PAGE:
Over the past few years, stem cell research has become one of the most highly contested areas of scientific study in the country. In order to make progress in the field, university researchers working with stem cells often have to deal with a combination of religious backlash, political opposition and medical uncertainty. But for Haifan Lin, Yale’s newest scientific star, the secret to making revolutionary medical advances through stem cell research is simply to get back to the basics.
Lin assumed his role as director of the Yale School of Medicine’s new stem cell program last month, fresh from serving as founder and co-director of a similar program at Duke University. Since his days as a postdoctoral researcher, Lin said he has placed a great deal of emphasis on “taking a step back” and carefully examining the underlying mechanism behind stem cell function.
Lin said the ultimate goal of most of the research done in this field is to improve the therapeutic applications of stem cell technology.
Robert Alpern, dean of the School of Medicine, said ideas and planning for the program have been in development since 2004, when he began his tenure at Yale. The medical school decided to recruit Lin after he came out as the No. 1 candidate in an international search, Alpern said, successfully attracting him despite offers from Duke and Columbia.
“He works on basic research, the cellular and basic molecular biology of stem cells,” Alpern said. “That was exactly what we were looking for.”
The program will bring together at least 43 stem cell researchers from 18 different university departments, Lin said. Yale’s program is different from those at Harvard, Stanford, Johns Hopkins and other premier institutions, he said, because of its focus on the principles involved in stem cell function rather than on clinical and disease-driven investigation.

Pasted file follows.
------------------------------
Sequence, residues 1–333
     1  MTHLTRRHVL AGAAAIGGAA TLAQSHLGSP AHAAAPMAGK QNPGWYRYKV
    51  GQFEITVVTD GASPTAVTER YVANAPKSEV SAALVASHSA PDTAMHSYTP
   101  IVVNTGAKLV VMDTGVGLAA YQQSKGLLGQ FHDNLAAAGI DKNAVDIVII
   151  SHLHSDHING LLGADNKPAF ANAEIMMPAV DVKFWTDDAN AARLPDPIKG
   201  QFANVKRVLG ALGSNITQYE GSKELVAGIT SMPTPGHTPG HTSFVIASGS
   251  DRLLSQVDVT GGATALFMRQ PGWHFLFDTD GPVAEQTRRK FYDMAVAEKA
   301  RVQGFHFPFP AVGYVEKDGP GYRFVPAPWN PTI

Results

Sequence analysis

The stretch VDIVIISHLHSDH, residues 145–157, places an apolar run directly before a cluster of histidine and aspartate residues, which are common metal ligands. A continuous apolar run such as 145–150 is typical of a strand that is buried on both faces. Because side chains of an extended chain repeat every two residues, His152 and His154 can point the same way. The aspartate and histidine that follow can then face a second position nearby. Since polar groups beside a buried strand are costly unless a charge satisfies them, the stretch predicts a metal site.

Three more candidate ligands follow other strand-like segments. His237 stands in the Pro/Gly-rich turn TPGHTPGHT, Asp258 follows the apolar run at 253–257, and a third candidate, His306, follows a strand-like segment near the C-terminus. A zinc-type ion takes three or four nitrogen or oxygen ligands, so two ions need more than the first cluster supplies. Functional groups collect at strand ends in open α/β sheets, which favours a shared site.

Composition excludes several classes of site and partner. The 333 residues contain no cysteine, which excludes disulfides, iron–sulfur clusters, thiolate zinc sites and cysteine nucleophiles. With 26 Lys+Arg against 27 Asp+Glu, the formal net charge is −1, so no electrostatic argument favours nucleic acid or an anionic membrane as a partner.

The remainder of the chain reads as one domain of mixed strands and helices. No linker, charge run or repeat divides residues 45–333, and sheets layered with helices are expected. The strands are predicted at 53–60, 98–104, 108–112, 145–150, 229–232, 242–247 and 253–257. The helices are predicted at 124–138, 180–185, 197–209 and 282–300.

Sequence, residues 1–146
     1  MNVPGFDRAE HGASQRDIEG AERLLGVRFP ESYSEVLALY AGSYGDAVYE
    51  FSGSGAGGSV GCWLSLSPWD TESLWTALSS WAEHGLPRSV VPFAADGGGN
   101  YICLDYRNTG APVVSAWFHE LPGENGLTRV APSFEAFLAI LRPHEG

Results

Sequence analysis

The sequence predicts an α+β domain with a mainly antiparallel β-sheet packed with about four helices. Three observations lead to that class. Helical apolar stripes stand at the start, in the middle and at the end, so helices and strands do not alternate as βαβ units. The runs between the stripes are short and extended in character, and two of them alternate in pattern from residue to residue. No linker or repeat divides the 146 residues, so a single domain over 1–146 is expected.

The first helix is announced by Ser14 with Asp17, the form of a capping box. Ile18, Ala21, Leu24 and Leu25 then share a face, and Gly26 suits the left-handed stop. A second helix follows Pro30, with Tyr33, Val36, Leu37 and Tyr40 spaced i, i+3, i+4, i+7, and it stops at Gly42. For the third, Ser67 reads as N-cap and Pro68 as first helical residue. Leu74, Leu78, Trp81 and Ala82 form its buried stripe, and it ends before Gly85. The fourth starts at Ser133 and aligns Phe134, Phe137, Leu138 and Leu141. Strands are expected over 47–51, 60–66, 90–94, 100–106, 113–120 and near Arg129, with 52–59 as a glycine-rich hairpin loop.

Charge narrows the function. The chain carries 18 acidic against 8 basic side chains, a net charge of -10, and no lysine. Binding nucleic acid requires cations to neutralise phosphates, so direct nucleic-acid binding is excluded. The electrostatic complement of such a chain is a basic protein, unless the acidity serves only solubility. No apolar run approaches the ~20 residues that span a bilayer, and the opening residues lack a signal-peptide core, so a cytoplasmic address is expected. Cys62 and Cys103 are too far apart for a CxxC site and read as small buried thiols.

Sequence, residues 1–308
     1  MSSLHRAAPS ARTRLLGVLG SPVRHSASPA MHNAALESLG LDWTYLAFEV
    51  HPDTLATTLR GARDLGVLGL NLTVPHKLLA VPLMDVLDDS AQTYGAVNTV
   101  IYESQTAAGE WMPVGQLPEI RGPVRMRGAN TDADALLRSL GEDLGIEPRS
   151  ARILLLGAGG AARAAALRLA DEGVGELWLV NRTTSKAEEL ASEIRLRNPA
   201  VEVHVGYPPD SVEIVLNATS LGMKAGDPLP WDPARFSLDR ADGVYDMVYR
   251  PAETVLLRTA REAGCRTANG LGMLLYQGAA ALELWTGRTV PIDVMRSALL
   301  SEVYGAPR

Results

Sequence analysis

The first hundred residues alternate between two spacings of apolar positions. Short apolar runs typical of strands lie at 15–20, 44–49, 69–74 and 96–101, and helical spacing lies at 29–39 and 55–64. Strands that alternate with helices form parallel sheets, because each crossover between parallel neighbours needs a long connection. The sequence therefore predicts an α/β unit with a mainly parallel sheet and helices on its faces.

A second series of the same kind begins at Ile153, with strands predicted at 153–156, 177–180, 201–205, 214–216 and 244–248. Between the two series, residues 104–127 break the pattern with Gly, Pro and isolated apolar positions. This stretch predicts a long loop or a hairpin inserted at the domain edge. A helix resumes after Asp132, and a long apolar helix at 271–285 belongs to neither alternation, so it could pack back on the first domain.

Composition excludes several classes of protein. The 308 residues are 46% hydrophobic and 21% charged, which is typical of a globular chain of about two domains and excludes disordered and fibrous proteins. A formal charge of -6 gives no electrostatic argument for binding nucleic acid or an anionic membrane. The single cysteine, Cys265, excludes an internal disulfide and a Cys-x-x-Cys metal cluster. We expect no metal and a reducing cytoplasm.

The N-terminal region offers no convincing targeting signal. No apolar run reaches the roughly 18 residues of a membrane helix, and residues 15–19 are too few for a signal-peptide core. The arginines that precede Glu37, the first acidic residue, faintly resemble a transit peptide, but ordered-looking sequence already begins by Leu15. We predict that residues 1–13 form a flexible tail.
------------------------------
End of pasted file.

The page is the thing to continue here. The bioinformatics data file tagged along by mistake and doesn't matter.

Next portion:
Lin said even during his days as a postdoctoral researcher, he was inclined to do a great deal of research with Drosophila (fruit flies) before ever venturing into mouse or human cells. Using flies helps resolve some of the ethical questions related to any sort of genetic research, he said, at least in the initial stages.
“I can knock off genes in flies but I can’t knock them off in humans or I’ll be sent to jail,” he said jokingly.
Yale scientists plan to receive their stem cell lines from three sources, Lin said: those approved by the National Institutes of Health, private lines from Harvard and the University of California, San Francisco and from Yale’s own in-vitro fertilization clinic, which will require private funding sources.
Lin said the stem cell program will have a permanent home by May 2007, when a state-of-the-art lab facility on Amistad Street will be completed. Other current projects include hiring four more professors, Lin said.
Before arriving at Yale, Lin held research and faculty positions at a number of renowned institutions. After studying at Fudan University in Shanghai and then obtaining his Ph.D. from Cornell, Lin began his postdoctoral research as a fellow of the Carnegie Institution in the Department of Embryology at Johns Hopkins University. After his time at Johns Hopkins, Lin was awarded a faculty position at Duke.
Diane Krause, associate professor of laboratory medicine and pathology, who was recently appointed associate director of the program, said bringing Lin to Yale was the right decision not only because he is a leader in the stem cell field, but also because he is an experienced and energetic leader.
“Once you meet Haifan, then you no longer need to ask why we’ve recruited him — he is a star, while also being an incredibly nice, generous, and humble person,” Krause said in an e-mail. “His intelligence and knowledge are superb, but what makes him truly unique is his infectious drive to better understand stem cells and his natural ability to bring out the best in people.”